Make a difference: Support jazz online

Support All About Jazz Your friends at All About Jazz are looking for readers to help back our website upgrade project. Of critical importance, this project will result in a vastly improved design across all devices and will make future All About Jazz projects much easier to implement. Click here to learn more about this project including donation rewards.

274

Peter Kenagy: Little Machines

AAJ Staff By

Sign in to view read count
Peter Kenagy is a young trumpeter and composer, born in Seattle and based in Boston, who already has a lot to say on his first album. His original compositions explore areas that most jazz musicians don't seem drawn to. His tunes, like the relaxed "Nile," are spacious, letting in air and light. He also looks at a couple of vintage standards, cleverly recasting them.

"Dog Story" is one of the most satisfying performances here. Its theme is hip, the kind that pleasantly nestles in your ear. Its structure and open form somewhat recall Ornette Coleman, although the tempo change in the middle is pure Kenagy, enabling him to sandwich his free trumpet musings between hard-swinging saxophone solos. Then there's "AYG...," a recasting of "After You've Gone" into a meandering, stuttering bolero. "Whisps" is actually "Whispering," another classic standard. With those shifting accents on the head and solid, swinging solos, "Whisps" could be a "Groovin' High" for the 21st Century.

Of course, Little Machines is a lot more than just a series of unusually clever compositions and arrangements. It's also the thoughtful improvising by the horns. Kenagy seems less interested in bravura displays of chops than most younger players. He likes to play melodies, although always imbued with swing and considerable harmonic daring. He reminds me of both Tom Harrell and Don Cherry.

At times alto saxophonist Jeremy Udden sounds like he wants to play Ornette Coleman to Kenagy's Cherry. Hear, for example, his tonal manipulations on "Nile" or his jabbing lines on "Dog Story." Tenor saxophonist Jason Hunter is solid, with a clean, centered tone. While guitarist Adam Larrabee only solos once, his reverb-drenched comps are essential to this band's spacious sound. And finally, the excellent rhythm section adroitly negotiates everything its leader writes, giving this challenging music an added air of delight and accessibility.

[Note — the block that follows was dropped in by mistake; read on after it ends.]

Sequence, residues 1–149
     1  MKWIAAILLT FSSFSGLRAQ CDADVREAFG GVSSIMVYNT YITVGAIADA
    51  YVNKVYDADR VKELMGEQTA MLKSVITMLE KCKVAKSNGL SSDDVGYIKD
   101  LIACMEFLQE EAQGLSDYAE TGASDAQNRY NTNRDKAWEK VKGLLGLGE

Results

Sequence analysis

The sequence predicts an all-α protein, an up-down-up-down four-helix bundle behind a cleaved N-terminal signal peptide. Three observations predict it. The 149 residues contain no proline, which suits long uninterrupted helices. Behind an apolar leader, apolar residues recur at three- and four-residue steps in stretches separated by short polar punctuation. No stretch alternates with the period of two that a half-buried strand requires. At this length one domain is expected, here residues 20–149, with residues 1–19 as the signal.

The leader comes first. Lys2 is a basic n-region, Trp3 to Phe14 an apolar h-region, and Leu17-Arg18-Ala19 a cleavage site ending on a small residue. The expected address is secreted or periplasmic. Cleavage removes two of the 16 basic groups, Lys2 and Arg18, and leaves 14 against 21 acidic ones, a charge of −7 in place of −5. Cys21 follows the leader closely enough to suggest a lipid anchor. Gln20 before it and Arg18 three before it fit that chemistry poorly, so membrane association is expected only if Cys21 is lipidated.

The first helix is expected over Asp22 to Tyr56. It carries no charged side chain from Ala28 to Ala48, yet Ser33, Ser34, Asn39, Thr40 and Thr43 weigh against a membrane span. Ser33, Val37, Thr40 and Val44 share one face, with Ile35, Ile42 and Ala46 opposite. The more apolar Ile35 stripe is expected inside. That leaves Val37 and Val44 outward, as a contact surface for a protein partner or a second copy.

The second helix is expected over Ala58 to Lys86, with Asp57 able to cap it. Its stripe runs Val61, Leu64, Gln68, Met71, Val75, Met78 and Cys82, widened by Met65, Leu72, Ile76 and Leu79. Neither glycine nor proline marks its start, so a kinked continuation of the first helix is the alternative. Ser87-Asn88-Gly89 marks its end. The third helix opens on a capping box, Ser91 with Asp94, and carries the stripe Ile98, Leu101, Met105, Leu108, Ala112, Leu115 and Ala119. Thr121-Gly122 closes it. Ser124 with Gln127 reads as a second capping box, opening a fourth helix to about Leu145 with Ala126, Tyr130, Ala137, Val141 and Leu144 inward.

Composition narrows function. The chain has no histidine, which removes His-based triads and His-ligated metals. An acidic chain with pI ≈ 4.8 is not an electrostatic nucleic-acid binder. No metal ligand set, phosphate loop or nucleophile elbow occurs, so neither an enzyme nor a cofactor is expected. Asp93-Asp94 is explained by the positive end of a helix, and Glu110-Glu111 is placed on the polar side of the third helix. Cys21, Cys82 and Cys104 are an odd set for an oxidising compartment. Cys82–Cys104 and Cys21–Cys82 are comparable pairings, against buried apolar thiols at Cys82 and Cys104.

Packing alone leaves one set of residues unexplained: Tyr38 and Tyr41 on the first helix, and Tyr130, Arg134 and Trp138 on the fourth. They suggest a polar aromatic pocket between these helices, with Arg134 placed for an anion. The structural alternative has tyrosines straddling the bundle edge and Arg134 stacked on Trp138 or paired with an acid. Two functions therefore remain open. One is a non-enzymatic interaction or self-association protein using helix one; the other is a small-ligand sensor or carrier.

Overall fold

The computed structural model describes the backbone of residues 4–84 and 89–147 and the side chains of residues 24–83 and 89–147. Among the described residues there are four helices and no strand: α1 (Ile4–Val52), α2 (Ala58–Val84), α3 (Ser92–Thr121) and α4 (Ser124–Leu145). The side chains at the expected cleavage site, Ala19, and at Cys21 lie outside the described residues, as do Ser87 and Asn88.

Track Listing: Nile; Dog Story; AYG; Little Machines; Hungary; Disappearing Man; Whisps

Personnel: Peter Kenagy (trumpet), Jason Hunter (tenor saxophone), Jeremy Udden (alto saxophone), Adam Larrabee (guitar), Rick McLaughlin (bass), Jorge Perez-Albela (drums)

Title: Little Machines | Year Released: 2005 | Record Label: Fresh Sound New Talent

Tags

comments powered by Disqus

More Articles

Read Live at Pyatt Hall CD/LP/Track Review Live at Pyatt Hall
by Jack Bowers
Published: January 23, 2018
Read Flying Heart CD/LP/Track Review Flying Heart
by Troy Dostert
Published: January 23, 2018
Read The 3Dom Factor: Live in Krakow CD/LP/Track Review The 3Dom Factor: Live in Krakow
by John Sharpe
Published: January 23, 2018
Read Solano Canyon CD/LP/Track Review Solano Canyon
by Glenn Astarita
Published: January 23, 2018
Read Lucas CD/LP/Track Review Lucas
by Mike Jurkovic
Published: January 22, 2018
Read In Paris: The Definitive ORTF Recording CD/LP/Track Review In Paris: The Definitive ORTF Recording
by C. Michael Bailey
Published: January 22, 2018
Read "Onward" CD/LP/Track Review Onward
by Dan McClenaghan
Published: May 2, 2017
Read "Radioactive Landscapes EP" CD/LP/Track Review Radioactive Landscapes EP
by Troy Dostert
Published: April 24, 2017
Read "Aladdin's Dream" CD/LP/Track Review Aladdin's Dream
by Ian Patterson
Published: December 12, 2017
Read "Masters Legacy Series, Volume 1" CD/LP/Track Review Masters Legacy Series, Volume 1
by Edward Blanco
Published: February 24, 2017
Read "Contra la indecision" CD/LP/Track Review Contra la indecision
by Karl Ackermann
Published: January 10, 2018
Read "Time Being" CD/LP/Track Review Time Being
by Geno Thackara
Published: October 25, 2017